In a world that is so filled with violence and despair, it gives me hope to coach people from all over the world. I love knowing that clients in Australia struggle with the same thing as those in France or the UK or Germany or the States. We all want meaningful work and we want relationships that bring us joy. We all have challenges with bosses and family members and we all struggle at some point in our lives with feeling stuck or afraid or alone. It’s easy to forget that, however, if you haven’t traveled, or you don’t have the privilege of getting to know people from all over the world. When I think about Europeans and how freely and frequently they travel, because of proximity, it makes me sad that Americans choose to be so isolated. Yes, we are mostly surrounded by water, other than bordering Mexico and Canada, but we are also figuratively isolated.
According to the most recent statistics from the State Department, most Americans do not have passports. Only 46% do, but it varies tremendously from state to state. New Jersey has the highest at 62%, followed by New York (59%), Massachusetts (58%), and Alaska, Connecticut and Delaware (all were at 55%). Mississippi has the lowest, with just 17%, followed by West Virginia (19%), Alabama (22%), Arkansas (22%) and Kentucky (23%). (The Expeditioner.com, Dec 11, 2016.) Most of the red states that voted for Trump are states with fewer passport holders, which makes sense, given the fear of a global economy and foreigners. And the fact is that international travel is much more expensive than travel by car, something even middle or working class Europeans can easily do.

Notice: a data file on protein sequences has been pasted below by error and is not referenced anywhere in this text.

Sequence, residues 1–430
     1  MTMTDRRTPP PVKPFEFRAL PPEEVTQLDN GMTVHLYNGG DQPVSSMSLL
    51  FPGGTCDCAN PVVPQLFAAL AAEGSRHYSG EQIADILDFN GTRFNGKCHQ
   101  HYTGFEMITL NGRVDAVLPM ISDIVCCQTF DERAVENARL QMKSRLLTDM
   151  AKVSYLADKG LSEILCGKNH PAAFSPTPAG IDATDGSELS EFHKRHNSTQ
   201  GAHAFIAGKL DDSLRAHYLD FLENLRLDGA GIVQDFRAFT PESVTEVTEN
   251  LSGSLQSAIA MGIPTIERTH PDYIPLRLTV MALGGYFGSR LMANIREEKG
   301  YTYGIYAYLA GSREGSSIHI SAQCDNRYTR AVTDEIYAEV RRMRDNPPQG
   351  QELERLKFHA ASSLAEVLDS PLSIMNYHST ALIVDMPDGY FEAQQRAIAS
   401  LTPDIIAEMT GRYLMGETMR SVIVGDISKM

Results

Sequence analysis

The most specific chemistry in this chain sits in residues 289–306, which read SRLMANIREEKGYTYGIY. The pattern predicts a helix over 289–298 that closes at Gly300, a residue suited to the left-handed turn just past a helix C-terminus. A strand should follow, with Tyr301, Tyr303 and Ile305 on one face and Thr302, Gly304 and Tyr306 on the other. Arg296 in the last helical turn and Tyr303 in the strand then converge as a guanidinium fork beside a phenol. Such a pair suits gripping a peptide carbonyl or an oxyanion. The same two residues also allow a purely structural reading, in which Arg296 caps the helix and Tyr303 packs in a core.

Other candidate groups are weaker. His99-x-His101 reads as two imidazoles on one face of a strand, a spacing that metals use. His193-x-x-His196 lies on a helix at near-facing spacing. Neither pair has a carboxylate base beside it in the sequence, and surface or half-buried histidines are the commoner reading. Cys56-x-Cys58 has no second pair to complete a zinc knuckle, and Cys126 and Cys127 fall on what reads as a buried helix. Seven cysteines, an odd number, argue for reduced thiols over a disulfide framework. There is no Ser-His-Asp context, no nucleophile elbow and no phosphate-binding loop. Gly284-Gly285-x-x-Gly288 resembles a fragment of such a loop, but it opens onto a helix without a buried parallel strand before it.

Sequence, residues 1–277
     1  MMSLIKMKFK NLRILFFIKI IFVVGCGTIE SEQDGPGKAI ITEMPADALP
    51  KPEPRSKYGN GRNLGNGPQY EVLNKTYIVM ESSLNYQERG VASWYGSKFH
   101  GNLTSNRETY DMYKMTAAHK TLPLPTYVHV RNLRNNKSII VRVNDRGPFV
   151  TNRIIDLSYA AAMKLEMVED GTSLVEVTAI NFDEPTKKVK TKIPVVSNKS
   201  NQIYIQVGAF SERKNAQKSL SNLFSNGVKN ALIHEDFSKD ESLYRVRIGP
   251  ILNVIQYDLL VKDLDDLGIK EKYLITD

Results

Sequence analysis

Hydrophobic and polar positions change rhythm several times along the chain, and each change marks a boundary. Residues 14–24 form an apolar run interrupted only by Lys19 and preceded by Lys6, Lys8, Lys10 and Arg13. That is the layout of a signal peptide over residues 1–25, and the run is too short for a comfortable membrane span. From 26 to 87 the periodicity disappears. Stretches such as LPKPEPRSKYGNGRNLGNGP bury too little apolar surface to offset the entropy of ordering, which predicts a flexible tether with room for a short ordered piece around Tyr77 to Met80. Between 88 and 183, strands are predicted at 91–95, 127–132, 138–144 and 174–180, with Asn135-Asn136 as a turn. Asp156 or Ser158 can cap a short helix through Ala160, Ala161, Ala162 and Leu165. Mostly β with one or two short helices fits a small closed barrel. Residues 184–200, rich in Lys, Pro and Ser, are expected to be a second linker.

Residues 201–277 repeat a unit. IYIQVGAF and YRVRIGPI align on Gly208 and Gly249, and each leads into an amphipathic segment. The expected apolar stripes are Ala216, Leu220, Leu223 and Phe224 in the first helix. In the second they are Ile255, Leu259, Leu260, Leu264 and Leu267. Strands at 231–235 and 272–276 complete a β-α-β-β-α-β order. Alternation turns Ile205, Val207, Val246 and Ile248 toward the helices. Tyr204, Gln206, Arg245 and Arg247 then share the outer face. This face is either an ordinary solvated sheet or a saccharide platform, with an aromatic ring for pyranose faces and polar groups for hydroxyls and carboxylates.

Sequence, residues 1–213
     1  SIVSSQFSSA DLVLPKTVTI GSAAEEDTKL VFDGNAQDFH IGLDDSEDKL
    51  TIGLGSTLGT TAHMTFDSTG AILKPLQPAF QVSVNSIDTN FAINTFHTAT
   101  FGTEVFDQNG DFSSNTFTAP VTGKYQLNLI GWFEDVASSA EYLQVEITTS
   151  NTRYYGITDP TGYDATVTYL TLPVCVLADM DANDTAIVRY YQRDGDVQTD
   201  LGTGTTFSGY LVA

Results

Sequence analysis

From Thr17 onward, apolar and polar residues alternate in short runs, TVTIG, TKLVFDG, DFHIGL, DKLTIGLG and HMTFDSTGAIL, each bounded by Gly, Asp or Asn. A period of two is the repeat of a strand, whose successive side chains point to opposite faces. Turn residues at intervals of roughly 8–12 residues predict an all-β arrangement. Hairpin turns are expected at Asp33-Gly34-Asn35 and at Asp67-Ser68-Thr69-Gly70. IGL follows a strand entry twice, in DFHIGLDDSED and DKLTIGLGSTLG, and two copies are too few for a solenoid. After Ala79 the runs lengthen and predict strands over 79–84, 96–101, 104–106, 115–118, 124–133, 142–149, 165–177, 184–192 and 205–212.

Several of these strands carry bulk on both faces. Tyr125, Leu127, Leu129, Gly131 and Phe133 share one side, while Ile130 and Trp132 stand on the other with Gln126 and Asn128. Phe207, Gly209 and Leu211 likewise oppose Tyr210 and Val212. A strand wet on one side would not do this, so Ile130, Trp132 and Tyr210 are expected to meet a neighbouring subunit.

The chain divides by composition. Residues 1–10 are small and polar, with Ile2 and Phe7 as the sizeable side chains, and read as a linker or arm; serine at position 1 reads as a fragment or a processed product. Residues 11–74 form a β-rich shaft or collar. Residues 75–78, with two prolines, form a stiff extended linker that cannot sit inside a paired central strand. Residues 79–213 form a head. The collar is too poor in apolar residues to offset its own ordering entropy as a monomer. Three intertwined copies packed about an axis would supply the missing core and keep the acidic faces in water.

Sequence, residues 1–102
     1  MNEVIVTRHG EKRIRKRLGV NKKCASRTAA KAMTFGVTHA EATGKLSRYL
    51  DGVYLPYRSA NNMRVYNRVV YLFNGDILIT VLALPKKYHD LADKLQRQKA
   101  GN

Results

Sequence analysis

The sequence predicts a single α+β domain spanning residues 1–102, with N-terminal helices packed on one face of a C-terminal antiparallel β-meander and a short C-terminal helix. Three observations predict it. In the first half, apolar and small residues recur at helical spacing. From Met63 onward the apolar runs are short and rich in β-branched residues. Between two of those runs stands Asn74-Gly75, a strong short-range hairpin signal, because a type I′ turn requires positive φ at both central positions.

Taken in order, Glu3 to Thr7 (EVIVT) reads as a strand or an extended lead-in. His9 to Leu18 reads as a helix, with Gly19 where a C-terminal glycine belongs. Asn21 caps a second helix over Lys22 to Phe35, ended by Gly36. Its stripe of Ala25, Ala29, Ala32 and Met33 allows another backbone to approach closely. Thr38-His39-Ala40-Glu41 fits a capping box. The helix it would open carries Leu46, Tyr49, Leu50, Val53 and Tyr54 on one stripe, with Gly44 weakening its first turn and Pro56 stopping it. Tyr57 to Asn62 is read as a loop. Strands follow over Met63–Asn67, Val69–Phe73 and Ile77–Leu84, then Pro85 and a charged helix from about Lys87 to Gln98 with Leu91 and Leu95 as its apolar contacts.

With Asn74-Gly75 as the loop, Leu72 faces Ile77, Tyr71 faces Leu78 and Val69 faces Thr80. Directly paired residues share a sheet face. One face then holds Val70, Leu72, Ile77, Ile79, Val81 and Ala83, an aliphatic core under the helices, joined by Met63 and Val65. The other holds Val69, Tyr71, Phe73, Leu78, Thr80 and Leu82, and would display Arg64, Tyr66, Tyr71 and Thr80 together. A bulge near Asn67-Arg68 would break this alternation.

Travel for me has been such a gift, from the first time I went to Europe as a 12 year-old with a few French phrases memorized, and flirted with a cute boy at the top of the Eiffel Tower. Or the time I backpacked through Europe solo and got lost so easily (pre iPhone and GPS), that I had a number of concerned citizens walking with me to make sure I got where I needed to go. I am grateful for the Swiss family who didn’t speak a word of English and tolerated my very basic and slow French, while feeding me the most incredible cheese and chocolate and doing my laundry. I remember my husband’s Irish great aunt, not a day younger than 70, squealing in delight when she met us, having prepared a huge feast even though we arrived mid-day for a quick stop. I remember the first time in Japan in my late twenties, when I forgot to take off my shoes or tried to shake hands instead of bowing, and for being grateful to get to experience such a different culture and language.
The greatest gift of traveling and living abroad, as well as coaching people from other countries, is that I remember that there is no right way to be, to live, to work, to raise children, to find love. All of us want similar things, but each of us seeks it in a unique way, partly based on our geography, values, upbringing and culture. It is dangerous when we start to believe that our country is the best and the only place to live, that our way of doing things is right and everyone else is wrong. I used a stroller to transport my kids, but many Africans carry their babies on their backs. We take off our shoes inside our house like the Japanese, but most people don’t. I chose my husband based on love, but many couples from other cultures swear by arranged marriages.
To find your world stage, remember that we are more the same than we are different. We are humans who want to love and be loved, to work in a meaningful way, and to make a difference in our families, our communities, our country and our world. In the end, no matter our country or politics or religion or race, we are all the same.
My son in Japan in 2014.